Cayetano back from sickbed to chair Asean Plus Three meeting
After calling in sick the day before, Foreign Affairs Secretary Alan Peter Cayetano went back to hosting the 18th Asean Plus Three Foreign Ministers’ Meeting held Monday morning at the Philippine International Convention Center (PICC) in Pasay City, Manila.
Cayetano headed the Asean foreign ministers’ meeting with their counterparts in the Trilateral Cooperation countries People’s Republic of China, Japan, and Republic of Korea.
Cayetano still sounded unwell as he delivered his opening remarks during the meeting. He skipped the Sunday meetings of the Asean after he called in sick.
He touted the role of the Asean Plus Three (APT) countries in bringing tourists in the country, as well as sharing their culture with the Philippines in the form of Korean music, drama and merchandise, and Japanese cuisine.
Cayetano lauded the meetings with the Plus Three countries to discuss issues such as regional and global security, food security, connectivity, energy, health, pandemic diseases, culture, environment, and biodiversity conservation, tourism, science and technology innovation, information technology, poverty alleviation and eradication, disaster management, and youth and education.
“Our meeting will affirm our comment to broaden the APT cooperation in addressing traditional and nontraditional security issues such as terrorism and violent extremism, transnational crimes, cyber security, climate change, disaster management, food security, energy security, and pandemic diseases,” Cayetano said.
APT co-chair Japan Foreign Affairs Minister Taro Kono welcomed the APT’s ties on the “financial and economic front” that developed in the past 20 years of APT cooperation, citing the need for these countries to cooperate with the Asean to maintain the free trade regime in the rise of protectionism.
China’s foreign affairs minister Wang Yi touted the APT’s role in becoming a vehicle for the Plus Three countries to agree on their shared interests with the Asean, amid an anti-globalization sentiment and an emerging protectionist trend.
“At the backdrop of anti-globalization and emerging protectionism, it is important for the Ten Plus Three countries to shoulder responsibility of remaining a vehicle for deep and practical cooperation and promote the East Asia community,” he said.
Republic of Korea foreign affairs minister Kang Kyung-wha for her part cited the Islamic State-inspired Maute terrorists attack in Marawi City as an example that the Asean region is no longer safe from the threat of terrorism and violent extremism.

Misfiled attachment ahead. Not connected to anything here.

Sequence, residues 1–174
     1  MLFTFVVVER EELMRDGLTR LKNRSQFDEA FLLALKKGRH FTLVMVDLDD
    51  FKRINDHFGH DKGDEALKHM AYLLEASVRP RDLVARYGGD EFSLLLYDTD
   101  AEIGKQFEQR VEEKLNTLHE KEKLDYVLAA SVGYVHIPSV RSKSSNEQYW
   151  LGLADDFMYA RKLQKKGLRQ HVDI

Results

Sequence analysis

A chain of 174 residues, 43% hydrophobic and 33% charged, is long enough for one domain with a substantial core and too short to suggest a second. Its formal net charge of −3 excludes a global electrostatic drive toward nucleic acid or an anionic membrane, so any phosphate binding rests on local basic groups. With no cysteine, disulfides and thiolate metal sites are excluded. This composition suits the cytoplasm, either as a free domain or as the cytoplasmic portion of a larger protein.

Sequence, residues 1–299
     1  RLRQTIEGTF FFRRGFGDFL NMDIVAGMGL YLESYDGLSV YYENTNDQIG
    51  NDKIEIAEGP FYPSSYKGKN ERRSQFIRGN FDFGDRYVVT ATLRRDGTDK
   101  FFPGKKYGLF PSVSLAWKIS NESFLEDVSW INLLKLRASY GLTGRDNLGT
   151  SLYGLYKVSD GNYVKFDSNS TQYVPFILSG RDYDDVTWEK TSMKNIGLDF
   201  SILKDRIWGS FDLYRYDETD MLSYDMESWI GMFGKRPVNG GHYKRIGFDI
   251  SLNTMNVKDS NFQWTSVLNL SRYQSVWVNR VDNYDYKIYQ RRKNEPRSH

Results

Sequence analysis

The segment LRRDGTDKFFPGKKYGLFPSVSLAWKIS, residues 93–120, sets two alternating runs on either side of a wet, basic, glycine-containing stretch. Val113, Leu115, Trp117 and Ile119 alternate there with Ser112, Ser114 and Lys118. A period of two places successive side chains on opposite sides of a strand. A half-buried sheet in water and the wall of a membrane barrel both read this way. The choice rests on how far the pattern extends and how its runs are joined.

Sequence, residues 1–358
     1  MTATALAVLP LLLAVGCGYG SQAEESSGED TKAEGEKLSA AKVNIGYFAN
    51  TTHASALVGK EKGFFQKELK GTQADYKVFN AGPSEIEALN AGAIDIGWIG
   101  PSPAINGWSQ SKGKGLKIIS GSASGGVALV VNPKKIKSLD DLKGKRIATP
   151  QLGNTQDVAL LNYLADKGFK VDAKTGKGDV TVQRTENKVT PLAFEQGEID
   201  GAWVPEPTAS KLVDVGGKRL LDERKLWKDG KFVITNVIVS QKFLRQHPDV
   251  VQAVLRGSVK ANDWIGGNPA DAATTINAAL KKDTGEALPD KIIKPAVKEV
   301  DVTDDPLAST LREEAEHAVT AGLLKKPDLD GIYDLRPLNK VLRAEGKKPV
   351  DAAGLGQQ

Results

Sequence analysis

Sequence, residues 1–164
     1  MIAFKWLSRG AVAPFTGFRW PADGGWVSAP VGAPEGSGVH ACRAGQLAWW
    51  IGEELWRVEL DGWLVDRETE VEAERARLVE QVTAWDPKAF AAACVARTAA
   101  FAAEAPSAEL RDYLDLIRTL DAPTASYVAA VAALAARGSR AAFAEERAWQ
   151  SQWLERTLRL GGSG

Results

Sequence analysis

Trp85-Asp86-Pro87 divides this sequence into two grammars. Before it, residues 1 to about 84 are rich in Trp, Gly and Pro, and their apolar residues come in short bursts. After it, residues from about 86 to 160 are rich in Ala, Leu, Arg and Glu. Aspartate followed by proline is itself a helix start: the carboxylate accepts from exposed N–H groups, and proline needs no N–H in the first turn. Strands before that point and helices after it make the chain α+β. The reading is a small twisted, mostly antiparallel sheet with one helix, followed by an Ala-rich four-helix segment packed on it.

“Terrorism knows no more boundaries, and directly threatening the safety and wellbeing of our peoples. This is evident by the recent attempt by Isis militants to seize the Mindanao island in the Philippines,” Kang said.
“We can all agree that the Asean region is no longer immune to terrorist attacks,” she added.
Kang said the problems Asean face today are “far more complex and interconnected than ever before,” citing the threats of terrorism, an anti-globalization sentiment, and a rising protectionism which are “fueling global economic and political uncertainty.”
The APT foreign ministers are expected at the meeting to review and discuss the future direction of APT cooperation, share views on regional and international issues, and prepare for the 20th APT Summit in November.
They will also adopt a new APT Cooperation Work Plan for 2018 to 2022, which will be submitted to the APT leaders at the 20th APT Summit.
The APT summit was first institutionalized in 1999 as Asean leaders and the plus three countries issued a joint statement for the East Asia cooperation.
The APT framework has since become a framework for promoting East Asian regionalism, covering issues such as political and security; transnational crime; economic; finance; tourism; agriculture and forestry; energy; minerals; small and medium-sized enterprises; environment; rural development and poverty eradication; social welfare; youth; women; civil service; labor; culture and arts; information and media; education; science, technology, and innovation; and public health.
China is part of the APT meetings, as they engage with Asean countries to endorse the framework for the code of conduct over the South China Sea amid competing claims over the resource rich and navigation route waters. CBB/JE